But it's not closed for me, or anyone else who wants to know the absolute truth in this matter.  It's far from closed.

Tuesday, February 21, 2012

Surprising Predictions for 2012

Baseball has a history of unpredictability.  Over the course of a 162 game schedule, anything can (and usually does) happen; injuries to key players can doom a team expected to play deep into the post season.  Last year's defending World Champion San Francisco Giants, for example, were knocked out of the box by the end of May when they lost catcher Buster Posey with a season-ending knee injury.  The fact that Posey got hurt was unfortunate and unpredictable; the fact that the Giants failed to reach the post season was not at all surprising, however.

On the other hand, when the St Louis Cardinals lost the ace of their pitching staff, Adam Wainwright, to season-ending Tommy John surgery before the 2011 season even began, the Redbirds were automatically counted out (by the "experts") for any realistic chance of post season play.  Winning the World Series seemed about as likely as winning the lottery.

The Philadelphia Phillies were considered the best team to come out of the National League, and with 102 regular season wins, they were indeed the class of the Senior Circuit.  However, we all know that anything can happen in the post season; including getting bounced after the first round.  Nobody expected the Phillies to lose that NLDS to the long-shot Cardinals.  Nobody.

And nobody expected the Boston Red Sox to fold up like a cheap tent last September, and not even reach the post season as the wild card.  They were widely considered to be the best team in the American League; the team most likely to beat Philadelphia in the World Series; or maybe Atlanta; or maybe San Francisco.

There were many other surprises in baseball last season.  Teams that looked good in the 2011 preseason (according to many "experts"), included such dismal failures as the Colorado Rockies, the San Diego Padres, the Cincinnati Reds, the Oakland A's, the Chicago White Sox, and the Minnesota Twins.  None of these teams even finished above .500, let alone competed for a division title.

Of course, there were pleasant surprises, too.  Aside from Kirk Gibson and his young team of over-achievers, nobody gave the Arizona Diamondbacks any chance of competing in the National League West last season; but, compete they did, easily winning the division title over defending World Series champion, San Francisco.

Even last year's runaway American League Central champion Detroit Tigers weren't expected to do what they did.  Now, they seem to be a "lock" to not only repeat as division champions; many expect them to win the next World Series, after adding the huge bat (and body) of Prince Fielder to their lineup.  We'll see.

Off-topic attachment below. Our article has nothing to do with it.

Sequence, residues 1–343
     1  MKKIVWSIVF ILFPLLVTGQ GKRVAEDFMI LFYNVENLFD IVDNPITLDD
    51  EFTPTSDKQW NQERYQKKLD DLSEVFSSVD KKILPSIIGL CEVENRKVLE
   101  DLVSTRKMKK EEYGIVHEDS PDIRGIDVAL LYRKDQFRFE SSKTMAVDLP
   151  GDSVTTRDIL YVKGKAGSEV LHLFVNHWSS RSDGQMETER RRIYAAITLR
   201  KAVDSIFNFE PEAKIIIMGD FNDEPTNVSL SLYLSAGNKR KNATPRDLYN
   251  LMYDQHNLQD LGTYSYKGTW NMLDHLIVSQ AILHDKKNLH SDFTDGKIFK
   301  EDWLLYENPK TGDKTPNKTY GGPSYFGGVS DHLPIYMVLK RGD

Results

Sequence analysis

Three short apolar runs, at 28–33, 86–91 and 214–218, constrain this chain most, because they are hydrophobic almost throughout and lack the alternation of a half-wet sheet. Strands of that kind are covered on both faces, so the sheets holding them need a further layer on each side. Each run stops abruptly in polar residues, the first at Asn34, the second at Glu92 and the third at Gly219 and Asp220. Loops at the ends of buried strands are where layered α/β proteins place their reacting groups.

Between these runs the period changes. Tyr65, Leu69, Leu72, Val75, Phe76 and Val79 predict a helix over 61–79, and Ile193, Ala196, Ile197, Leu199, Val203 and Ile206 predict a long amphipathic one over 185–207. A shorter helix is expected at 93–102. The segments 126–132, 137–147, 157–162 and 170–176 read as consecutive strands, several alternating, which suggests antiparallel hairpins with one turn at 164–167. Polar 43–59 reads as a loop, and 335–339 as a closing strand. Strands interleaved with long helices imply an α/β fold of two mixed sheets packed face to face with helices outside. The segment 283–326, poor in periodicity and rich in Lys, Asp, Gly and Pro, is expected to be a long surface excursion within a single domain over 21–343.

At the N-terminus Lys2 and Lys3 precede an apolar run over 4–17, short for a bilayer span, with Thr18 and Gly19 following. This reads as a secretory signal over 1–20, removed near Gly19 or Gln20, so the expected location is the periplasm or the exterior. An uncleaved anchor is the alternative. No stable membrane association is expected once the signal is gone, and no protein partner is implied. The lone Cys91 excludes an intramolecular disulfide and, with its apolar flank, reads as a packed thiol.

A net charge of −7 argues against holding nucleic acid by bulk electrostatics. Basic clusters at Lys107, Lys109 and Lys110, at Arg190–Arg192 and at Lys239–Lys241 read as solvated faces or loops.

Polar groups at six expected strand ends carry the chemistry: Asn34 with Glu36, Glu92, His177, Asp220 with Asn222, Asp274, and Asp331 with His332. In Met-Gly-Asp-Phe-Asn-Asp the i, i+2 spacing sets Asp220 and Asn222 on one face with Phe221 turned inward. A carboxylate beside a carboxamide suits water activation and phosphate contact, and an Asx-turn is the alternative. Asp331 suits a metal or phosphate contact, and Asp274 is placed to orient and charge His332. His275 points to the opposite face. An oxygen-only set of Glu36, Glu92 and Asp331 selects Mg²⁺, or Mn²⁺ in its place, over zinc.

I think 2012 will continue the trend of unpredictability; at least to a certain degree.  Here's what I foresee:

NO REPEAT DIVISION CHAMPIONS - That's right.  The American League East no longer belongs to the Yankees; same goes with the American League West, as Texas stumbles in 2012, still hung-over from their World Series disaster at the hands of St Louis.  Even the Tigers will take a step back in 2012; unable to fit the newly acquired Prince Fielder into the mix.  Moving Miguel Cabrera to third base will be the biggest disaster to hit Detroit since the Ford Pinto.

In the National League, five-time defending champion Philadelphia will find much more competition in the East; more than they can handle.  The Central champs - the Milwaukee Brewers, will fade into obscurity after losing Fielder to the Tigers; even with Ryan Braun winning his appeal and not facing that 50 game suspension; their pitching, which looked shaky in the '11 post season, will be even shakier in 2012.  Alas, in the West, the Diamondbacks will fail to repeat their 2011 magic, although they will put up a good fight until the very end.


AL - EAST:  Boston - Pitching will improve; offense still very good
AL - CENTRAL:  Cleveland - The magic will be back at Progressive Field
AL - WEST:  LA/Anaheim - Relaxed Pujols will have a monster year
WILD CARD:  Texas - Yu Darvish will solidify the pitching staff
WILD CARD #2:  Tampa Bay - Enough pitching and timely hitting to sneak in again

NL - EAST:  Atlanta - Healthy rotation and a great bullpen spells relief
NL - CENTRAL:  St Louis - Albert will be missed; but lineup will stay healthy and be productive
NL - WEST:  LA - Kershaw and Kemp will continue the momentum from last year
WILD CARD:  Washington - Strasburg emerges as baseball's new best pitcher
WILD CARD #2:  Arizona - Still good enough to sneak in

Who will win it all in 2012?  I'll let you know at the end of September.  However, if my prognostication is as accurate as the vast number of last year's experts, the ultimate World Series champion will no doubt come from the other twenty teams not included here...That's baseball; always giving us surprises every year!